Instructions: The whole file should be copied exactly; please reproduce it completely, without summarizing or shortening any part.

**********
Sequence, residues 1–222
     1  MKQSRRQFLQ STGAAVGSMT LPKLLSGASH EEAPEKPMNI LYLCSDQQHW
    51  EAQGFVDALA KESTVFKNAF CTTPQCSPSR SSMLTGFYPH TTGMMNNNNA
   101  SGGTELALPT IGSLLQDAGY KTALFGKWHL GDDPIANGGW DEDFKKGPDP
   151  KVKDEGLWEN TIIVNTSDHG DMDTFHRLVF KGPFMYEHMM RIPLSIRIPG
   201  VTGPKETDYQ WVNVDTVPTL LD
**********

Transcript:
Sequence, residues 1–222
     1  MKQSRRQFLQ STGAAVGSMT LPKLLSGASH EEAPEKPMNI LYLCSDQQHW
    51  EAQGFVDALA KESTVFKNAF CTTPQCSPSR SSMLTGFYPH TTGMMNNNNA
   101  SGGTELALPT IGSLLQDAGY KTALFGKWHL GDDPIANGGW DEDFKKGPDP
   151  KVKDEGLWEN TIIVNTSDHG DMDTFHRLVF KGPFMYEHMM RIPLSIRIPG
   201  VTGPKETDYQ WVNVDTVPTL LD